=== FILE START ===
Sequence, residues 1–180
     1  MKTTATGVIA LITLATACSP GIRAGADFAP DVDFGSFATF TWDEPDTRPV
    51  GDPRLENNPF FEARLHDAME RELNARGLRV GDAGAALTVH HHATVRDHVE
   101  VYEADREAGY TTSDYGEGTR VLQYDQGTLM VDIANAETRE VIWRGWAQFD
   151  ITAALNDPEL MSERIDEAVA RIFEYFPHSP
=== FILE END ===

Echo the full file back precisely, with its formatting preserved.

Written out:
Sequence, residues 1–180
     1  MKTTATGVIA LITLATACSP GIRAGADFAP DVDFGSFATF TWDEPDTRPV
    51  GDPRLENNPF FEARLHDAME RELNARGLRV GDAGAALTVH HHATVRDHVE
   101  VYEADREAGY TTSDYGEGTR VLQYDQGTLM VDIANAETRE VIWRGWAQFD
   151  ITAALNDPEL MSERIDEAVA RIFEYFPHSP